Author Edith Baer, who escaped Nazi Germany in 1940, attended the forum. Recalling a gentile teacher who was forced to leave her job, she confirmed that the Nazi regime practiced what they preached. "Teachers had to leave because they were women," recalled Baer. "There was pressure by the Nazis for women to leave their jobs - to retire and raise children instead."
"The term for a woman who worked if her husband worked is Doppelverdiener, double earner," explained Baer.
Baer's two autobiographical novels, A Frost in the Night and Walk the Dark Streets focus on a young Jewish girl growing up in Germany in the 1930s. "The perversion of culture is a big part of Walk the Dark Streets," said Baer. "I wanted to show how the Nazi regime extended into all facets of German culture."
Nazi propaganda distorted gender images to portray Jews as predators. "Germany is pictured as an innocent female, about to be attacked by a hyper masculinized male - the Jew," illustrated Koonz. She explained that gross caricatures of Jews and disabled people were used by the Nazis to establish "that men, women and children can be unwanted."
"Children were told to stare at the Jews. These ideas were mainstreamed into every aspect of life." Koonz said. "Handicapped, disabled, Jewish,... go ahead and gaze at the misbegotten. Stare, and feel contempt..."
From 1933 through 1939, Kaplan reported, "The process of separation and segregation took irregular and unpredictable steps." Nazi propaganda and edicts during those six years led to "the concept of normal becoming increasingly elastic."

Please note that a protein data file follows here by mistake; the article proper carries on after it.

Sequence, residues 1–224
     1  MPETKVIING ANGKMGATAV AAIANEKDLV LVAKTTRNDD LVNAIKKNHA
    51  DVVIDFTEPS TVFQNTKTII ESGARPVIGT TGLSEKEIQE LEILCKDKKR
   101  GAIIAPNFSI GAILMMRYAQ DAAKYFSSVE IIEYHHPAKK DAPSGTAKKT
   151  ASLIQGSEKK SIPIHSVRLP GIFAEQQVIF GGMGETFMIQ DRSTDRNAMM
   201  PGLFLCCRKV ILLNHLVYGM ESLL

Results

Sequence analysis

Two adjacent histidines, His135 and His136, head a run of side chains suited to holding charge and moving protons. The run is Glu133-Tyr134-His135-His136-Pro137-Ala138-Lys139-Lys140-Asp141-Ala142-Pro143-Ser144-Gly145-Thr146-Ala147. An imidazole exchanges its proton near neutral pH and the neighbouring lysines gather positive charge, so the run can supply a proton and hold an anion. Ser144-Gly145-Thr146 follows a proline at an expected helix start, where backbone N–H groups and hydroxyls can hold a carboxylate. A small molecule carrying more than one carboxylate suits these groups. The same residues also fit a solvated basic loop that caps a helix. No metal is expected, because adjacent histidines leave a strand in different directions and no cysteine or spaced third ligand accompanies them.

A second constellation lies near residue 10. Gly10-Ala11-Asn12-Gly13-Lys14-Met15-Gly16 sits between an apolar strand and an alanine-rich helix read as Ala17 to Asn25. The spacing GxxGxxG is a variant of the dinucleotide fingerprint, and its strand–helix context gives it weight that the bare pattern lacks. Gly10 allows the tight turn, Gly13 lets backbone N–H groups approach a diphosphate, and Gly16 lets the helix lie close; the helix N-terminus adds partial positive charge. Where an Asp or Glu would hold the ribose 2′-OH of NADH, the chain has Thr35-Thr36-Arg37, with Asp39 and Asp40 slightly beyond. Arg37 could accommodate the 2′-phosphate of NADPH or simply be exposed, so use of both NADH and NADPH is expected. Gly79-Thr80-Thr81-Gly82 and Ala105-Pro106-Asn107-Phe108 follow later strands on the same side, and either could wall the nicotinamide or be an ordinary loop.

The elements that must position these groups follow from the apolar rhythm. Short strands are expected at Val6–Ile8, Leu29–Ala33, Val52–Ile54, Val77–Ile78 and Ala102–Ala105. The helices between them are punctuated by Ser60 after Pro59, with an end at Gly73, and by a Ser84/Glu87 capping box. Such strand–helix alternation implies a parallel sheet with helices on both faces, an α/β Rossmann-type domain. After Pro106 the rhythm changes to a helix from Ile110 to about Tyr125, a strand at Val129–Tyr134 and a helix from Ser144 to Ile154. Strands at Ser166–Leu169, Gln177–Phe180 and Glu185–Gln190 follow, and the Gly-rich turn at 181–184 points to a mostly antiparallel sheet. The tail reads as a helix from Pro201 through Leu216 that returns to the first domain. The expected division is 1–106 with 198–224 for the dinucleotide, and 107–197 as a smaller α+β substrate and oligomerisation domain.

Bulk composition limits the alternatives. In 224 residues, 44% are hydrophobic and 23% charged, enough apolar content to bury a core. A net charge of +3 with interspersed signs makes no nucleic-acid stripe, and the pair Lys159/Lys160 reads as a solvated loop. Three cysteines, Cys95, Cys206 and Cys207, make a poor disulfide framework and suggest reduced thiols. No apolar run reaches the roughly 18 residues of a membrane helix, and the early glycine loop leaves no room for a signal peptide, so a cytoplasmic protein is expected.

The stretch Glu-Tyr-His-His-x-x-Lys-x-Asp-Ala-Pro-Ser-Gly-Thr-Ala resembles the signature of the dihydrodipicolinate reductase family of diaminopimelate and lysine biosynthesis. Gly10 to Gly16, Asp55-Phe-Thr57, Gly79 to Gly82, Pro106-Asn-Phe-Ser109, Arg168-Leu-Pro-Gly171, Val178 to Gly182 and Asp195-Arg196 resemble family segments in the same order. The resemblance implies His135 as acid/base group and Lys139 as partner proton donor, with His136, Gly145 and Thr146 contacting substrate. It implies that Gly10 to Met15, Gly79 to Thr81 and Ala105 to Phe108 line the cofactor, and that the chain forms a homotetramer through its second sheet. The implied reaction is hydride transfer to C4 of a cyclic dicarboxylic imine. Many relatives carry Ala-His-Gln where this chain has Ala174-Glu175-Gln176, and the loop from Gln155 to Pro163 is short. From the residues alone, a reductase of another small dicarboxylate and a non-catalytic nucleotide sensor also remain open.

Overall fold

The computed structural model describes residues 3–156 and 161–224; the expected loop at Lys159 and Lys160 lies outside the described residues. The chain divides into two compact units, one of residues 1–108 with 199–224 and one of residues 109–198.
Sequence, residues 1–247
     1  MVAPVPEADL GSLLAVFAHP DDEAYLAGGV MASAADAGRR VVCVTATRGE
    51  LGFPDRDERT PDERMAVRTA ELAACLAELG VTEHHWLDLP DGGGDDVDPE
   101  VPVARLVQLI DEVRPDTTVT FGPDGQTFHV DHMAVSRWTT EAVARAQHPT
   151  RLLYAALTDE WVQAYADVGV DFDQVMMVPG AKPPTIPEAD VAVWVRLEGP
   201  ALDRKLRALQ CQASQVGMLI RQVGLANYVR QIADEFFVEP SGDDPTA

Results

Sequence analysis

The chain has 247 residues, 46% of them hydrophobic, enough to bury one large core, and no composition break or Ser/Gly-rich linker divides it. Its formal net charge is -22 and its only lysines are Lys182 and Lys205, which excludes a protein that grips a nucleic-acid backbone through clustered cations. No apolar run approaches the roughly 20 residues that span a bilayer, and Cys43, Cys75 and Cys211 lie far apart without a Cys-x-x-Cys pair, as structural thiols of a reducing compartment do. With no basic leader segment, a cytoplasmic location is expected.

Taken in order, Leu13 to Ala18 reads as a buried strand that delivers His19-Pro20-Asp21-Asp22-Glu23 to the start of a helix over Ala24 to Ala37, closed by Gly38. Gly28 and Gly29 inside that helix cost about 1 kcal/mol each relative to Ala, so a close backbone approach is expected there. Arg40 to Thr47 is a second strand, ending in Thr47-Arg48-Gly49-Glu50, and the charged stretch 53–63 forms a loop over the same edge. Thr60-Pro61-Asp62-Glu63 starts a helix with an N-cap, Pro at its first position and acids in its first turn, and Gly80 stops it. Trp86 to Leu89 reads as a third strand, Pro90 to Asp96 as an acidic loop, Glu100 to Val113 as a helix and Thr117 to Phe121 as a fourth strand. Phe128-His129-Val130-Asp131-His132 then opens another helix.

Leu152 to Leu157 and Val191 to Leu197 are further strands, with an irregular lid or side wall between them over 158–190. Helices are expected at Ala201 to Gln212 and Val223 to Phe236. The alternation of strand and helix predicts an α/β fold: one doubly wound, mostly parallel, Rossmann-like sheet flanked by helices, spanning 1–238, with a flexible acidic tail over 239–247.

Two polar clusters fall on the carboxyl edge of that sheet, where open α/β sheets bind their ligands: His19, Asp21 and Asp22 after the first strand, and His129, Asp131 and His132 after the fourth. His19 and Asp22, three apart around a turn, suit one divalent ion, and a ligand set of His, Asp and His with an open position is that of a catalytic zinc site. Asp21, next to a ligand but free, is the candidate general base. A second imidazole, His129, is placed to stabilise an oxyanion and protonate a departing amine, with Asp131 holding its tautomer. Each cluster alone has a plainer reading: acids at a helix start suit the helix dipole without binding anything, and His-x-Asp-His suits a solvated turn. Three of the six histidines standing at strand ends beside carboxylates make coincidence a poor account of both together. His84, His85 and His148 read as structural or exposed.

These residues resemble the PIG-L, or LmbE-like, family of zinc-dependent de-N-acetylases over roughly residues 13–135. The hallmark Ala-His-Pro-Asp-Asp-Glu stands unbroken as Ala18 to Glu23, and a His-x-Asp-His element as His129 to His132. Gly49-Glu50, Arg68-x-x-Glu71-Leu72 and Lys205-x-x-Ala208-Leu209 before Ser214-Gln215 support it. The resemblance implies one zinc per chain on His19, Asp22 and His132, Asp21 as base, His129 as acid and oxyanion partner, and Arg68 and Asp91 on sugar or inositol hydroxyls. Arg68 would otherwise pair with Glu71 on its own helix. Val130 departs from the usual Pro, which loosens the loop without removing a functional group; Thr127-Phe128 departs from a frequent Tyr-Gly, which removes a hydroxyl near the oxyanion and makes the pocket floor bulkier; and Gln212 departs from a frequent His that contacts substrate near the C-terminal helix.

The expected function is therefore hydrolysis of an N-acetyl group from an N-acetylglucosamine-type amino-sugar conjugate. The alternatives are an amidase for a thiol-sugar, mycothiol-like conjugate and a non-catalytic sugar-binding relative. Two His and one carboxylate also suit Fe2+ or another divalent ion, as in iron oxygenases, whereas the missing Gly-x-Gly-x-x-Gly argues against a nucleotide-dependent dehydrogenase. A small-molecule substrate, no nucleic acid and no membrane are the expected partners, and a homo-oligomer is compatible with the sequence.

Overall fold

Kaplan described how Jewish women experienced "disassociation of former friends." Propaganda worked so well that "some [neighborhood] organizations Nazified themselves even before the government required it." And although not all Germans participated, "former friends did preempt some of the Nazi decrees."
German gentiles treated each other differently as well. "Germans began to treat each other with reserve, [however] they began to isolate Jews definitively," revealed Kaplan.
"Because of the decline of sociability in Jewish neighborhoods," reasoned Kaplan, "[Jewish] women suffered more than men."
"About 2/3 of German Jews left [Germany]. About half of them survived," Kaplan reported. The rest perished when they were trapped in countries defeated by Nazi Germany.
By the time the doors of emigration from Germany were sealed by the Nazis, more Jewish men were able to leave than women. In many cases, "men were sent out to get a footing," explained Kaplan. "The plan was to then bring women over. But women got trapped behind." In addition, she added, some women stayed because they were reluctant to leave their elderly mothers behind. Kaplan quoted a Jewish woman who wrote in 1939: "Mostly we were women who were left unto ourselves."
Thus, the Jews who were left and later murdered in Nazi Germany were predominantly women - many of whom were elderly. "The combination of age and gender was lethal," concluded Kaplan.
The forum was supported by grants from the New Jersey Council for the Humanities, William Paterson University and Hoescht Marion Roussel, Inc.
Copyright, 2000 Miryam Z. Wahrman